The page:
The announcer said some things in a loud speaker, which wasn't too loud and pointed in the opposite direction of where I was standing, and then shot the gun off.  Off I went, and felt pretty good the first mile.  I kept looking for a river crossing or something fun and exciting to conquer, but it was mostly just a path.  At mile 1.5, I started to look for the turn-around spot.  I wasn't running with any music, so I listened to the volunteers to see where they were directing the runners to go.  But, I heard nothing so I continued to run on.

By mile 2, I figured there was a mistake.  I fully admit that I have no sense of direction, but I knew that we were still running away from the finish line.  By mile 2.5, I started to get frustrated.  I asked the volunteers working the water stop at that point if I missed the 5k turn around, to which they replied "This is the 10k course."  At mile 3.18, I stopped running.

I was upset that I was on the 10k course, when I only planned on running a 5k that morning.  For me, the mindset of a 5k is far different than that of a 10k.  Also, the preparation is different as far as diabetes is concerned.  There was a man on a bike who was there to watch his wife run so I talked with him for a bit.  He told me the turn-around was where the person with the cow-bell was standing.  I waited for a few others I knew running the race to come by, but ended up missing them while I was talking to that guy.  Eventually, I started to run again.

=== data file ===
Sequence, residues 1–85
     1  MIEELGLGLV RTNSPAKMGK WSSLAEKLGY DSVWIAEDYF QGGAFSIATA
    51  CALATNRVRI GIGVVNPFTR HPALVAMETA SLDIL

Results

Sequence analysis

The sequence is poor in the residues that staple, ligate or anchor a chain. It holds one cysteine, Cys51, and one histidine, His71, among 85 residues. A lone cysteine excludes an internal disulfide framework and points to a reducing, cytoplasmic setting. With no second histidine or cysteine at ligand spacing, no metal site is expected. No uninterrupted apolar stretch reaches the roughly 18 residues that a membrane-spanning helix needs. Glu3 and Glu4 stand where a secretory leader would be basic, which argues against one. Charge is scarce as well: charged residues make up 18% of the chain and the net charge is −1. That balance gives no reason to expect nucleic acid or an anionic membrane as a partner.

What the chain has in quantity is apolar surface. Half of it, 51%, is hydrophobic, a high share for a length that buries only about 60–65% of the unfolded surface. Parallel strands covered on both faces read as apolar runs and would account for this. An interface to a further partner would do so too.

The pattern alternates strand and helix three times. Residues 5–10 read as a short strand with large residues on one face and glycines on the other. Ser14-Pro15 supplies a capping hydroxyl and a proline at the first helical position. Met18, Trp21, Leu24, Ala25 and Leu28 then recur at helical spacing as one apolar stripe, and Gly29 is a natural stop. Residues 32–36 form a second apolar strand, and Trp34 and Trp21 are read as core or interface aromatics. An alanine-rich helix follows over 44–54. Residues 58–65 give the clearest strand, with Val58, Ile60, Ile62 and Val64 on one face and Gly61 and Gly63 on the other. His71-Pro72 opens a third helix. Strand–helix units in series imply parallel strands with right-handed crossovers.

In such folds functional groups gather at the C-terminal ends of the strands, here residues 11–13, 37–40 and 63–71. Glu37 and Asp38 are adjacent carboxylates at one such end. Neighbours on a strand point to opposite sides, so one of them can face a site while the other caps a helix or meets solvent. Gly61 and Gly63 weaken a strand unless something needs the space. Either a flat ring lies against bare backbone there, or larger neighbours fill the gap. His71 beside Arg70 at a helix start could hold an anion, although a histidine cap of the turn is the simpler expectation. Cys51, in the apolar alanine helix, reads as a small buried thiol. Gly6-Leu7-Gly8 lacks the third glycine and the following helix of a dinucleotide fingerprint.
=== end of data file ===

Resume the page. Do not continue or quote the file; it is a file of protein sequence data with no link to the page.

I caught up to 4 other people that I talked to before the race had started, who were also now running the 10k instead of the 5k.  I crossed the finish line at 5.25 miles (the 10k was a mile short) and decided it was a good thing I didn't have any expectations for this race.

I learned after the race from another runner that the 5k started 15 minutes or so after the 10k.  Never did I hear this, or read it.  Maybe I just missed it, but I reviewed old emails and nothing was mentioned.

In a way, I feel disappointment.  I would have most likely gotten 1st or 2nd in the 5k (I don't know what the #1 female time was).  I think what is most bothersome is that this is my last race of 2012.  I have always felt that your last of the year should be something that you are proud of - time or effort-wise - to propel you into the new year of training and racing.  Do I really need some more trail socks, the prize for winners?  No, not at all.  But I do want the energy from that race to have a positive impact on my training.  Unfortunately, it left a rather bitter taste in my mouth.

However, as I have learned this year, all races are learning experiences.  From this race, I learned:

  • Ask if races start at the same time or different times
  • Always know the course route
  • Trail racing is far, far different than road racing
  • Breakfast after races with other bloggers is wonderful 
My suggestions for the race organization:
  • Have different bibs for the different distances
  • Put in your email that the races will start at different times
  • Put signs on the registration table that races start at different times
  • Get a more powerful microphone for your announcements
I contemplated signing up for another race next weekend so I can end the year on a positive note, but decided against it.  I have bigger plans for the spring and summer, so I'll be focusing my energy on those instead.  My goals are new and exciting, and honestly a bit scary, but that makes them even more exciting.  2012 was the best year I've had racing, and can't wait to see what 2013 will bring.